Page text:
Campaign to preserve Glasgow's maritime history heats up
The huge site, comprising three dry docks and associated piers, was built in stages from 1869. Its walls are lined with massive whinstone setts, topped by handcarved granite blocks.
It was ordered by the Clyde Navigation Trust to satisfy the then huge demand for ship repair services.
The term graving refers to the now obsolete process of coating the bottom of boats with pitch. At its peak, more than 500 men were employed to prepare ships for another gruelling season of crossing the oceans.
The Buildings at Risk Register describes it as an “outstanding complex, unique in Scotland,” but its future remains uncertain.
The graving docks closed in 1988 and were effectively abandoned. The site is now owned by New City Vision, a property developer, and a planning application to build housing across it is expected in the coming months.
Although the Clyde remains a working river - with BAE operating two yards at nearby Fairfield and Scotstoun - there is concern that too much of the waterway’s heritage has already been lost.
A campaign group, the Clyde Docks Preservation Trust, was established last year. Its members believe the Govan site should be preserved as a maritime heritage park.
“It’s Glasgow’s last remaining historic dock complex, so to cover it with bland waterfront flats you see elsewhere would be unfortunate,” said trust founder Iain McGillivray.
“It’s the unique maritime architecture of the docks that makes them special.
“I first became interested in the site as a photographer. I had always known there was a derelict dock there, but it was only when I saw an aerial image on Google Earth that I realised the scale of the place, and that it was worth closer inspection.”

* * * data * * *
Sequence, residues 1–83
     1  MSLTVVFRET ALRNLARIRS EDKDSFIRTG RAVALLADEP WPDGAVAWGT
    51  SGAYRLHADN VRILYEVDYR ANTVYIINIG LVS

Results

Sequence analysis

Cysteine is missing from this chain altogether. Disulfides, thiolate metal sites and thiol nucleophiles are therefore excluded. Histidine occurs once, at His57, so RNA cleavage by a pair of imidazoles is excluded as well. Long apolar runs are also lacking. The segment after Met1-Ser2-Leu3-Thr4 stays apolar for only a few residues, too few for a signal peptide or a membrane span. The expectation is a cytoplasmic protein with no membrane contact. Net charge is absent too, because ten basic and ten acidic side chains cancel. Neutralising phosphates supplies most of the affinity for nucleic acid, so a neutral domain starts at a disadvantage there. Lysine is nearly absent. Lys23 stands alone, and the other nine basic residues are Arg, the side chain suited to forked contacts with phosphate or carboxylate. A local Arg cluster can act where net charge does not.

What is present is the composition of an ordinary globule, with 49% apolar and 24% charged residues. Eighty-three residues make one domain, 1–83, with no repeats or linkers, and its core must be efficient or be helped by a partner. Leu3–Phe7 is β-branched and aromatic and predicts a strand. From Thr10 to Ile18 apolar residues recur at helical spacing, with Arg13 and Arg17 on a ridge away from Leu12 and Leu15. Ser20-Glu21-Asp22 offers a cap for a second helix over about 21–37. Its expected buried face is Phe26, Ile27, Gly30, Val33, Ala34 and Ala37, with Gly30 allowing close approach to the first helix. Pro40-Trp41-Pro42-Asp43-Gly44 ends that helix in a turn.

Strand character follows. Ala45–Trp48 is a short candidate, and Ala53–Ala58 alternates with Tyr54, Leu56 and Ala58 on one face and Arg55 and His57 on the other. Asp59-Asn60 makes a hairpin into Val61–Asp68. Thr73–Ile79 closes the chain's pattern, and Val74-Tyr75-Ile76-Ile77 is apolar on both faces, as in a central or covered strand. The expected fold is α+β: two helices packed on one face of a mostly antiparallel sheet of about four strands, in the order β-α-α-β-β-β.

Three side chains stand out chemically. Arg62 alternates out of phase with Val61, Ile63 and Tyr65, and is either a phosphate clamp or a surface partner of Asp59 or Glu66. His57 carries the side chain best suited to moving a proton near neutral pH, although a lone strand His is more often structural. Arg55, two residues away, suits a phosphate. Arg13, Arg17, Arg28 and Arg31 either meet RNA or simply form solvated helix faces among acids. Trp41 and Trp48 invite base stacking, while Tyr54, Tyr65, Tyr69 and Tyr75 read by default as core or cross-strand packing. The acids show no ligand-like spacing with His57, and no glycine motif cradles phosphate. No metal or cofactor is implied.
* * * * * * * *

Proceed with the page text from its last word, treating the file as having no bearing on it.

McGillivray has started an online petition calling for Glasgow City Council and other stakeholders to support the renovation of the graving docks as a shipbuilding heritage park.
More than 8,000 people have added their names since it was launched last month.
He believes the continuing popularity of traditional Clyde-built passenger boats such as the Waverley, and the recent public interest in the restoration of the Queen Mary, point to a future for the site.
“We envisage historic boats being able to use the docks again,” he added.
Who would fund the necessary restoration works - estimated at several million - is another matter.
Across the Clyde from the graving docks stands the award-winning Riverside Museum, built on the site of the former Pointhouse shipyard.
Glasgow City Council purposefully chose the location as a nod to the Clyde’s industrial past and as a way of encouraging more people back to the river.
The zinc-clad building, designed by the late Zaha Hadid, was inspired by the large warehouses that once lined the waterway.
“We are committed to maintaining and celebrating our maritime heritage as any visit to the Riverside Museum would show,” a council spokesman said.
“Indeed the fact that this museum - which contains many pieces showing Glasgow’s huge contribution to maritime activities - is located on the banks of the Clyde is testament to the role the river continues to play in the life of the city.
“We have played a significant part in maintaining key heritage sites and structures on the waterfront, not to mention the huge successes on sites such as The SSE Hydro and Pacific Quay and all the regeneration activity that has followed through their creation.
“Organisations owning land on the banks of the river are also committed to developing their own sites.”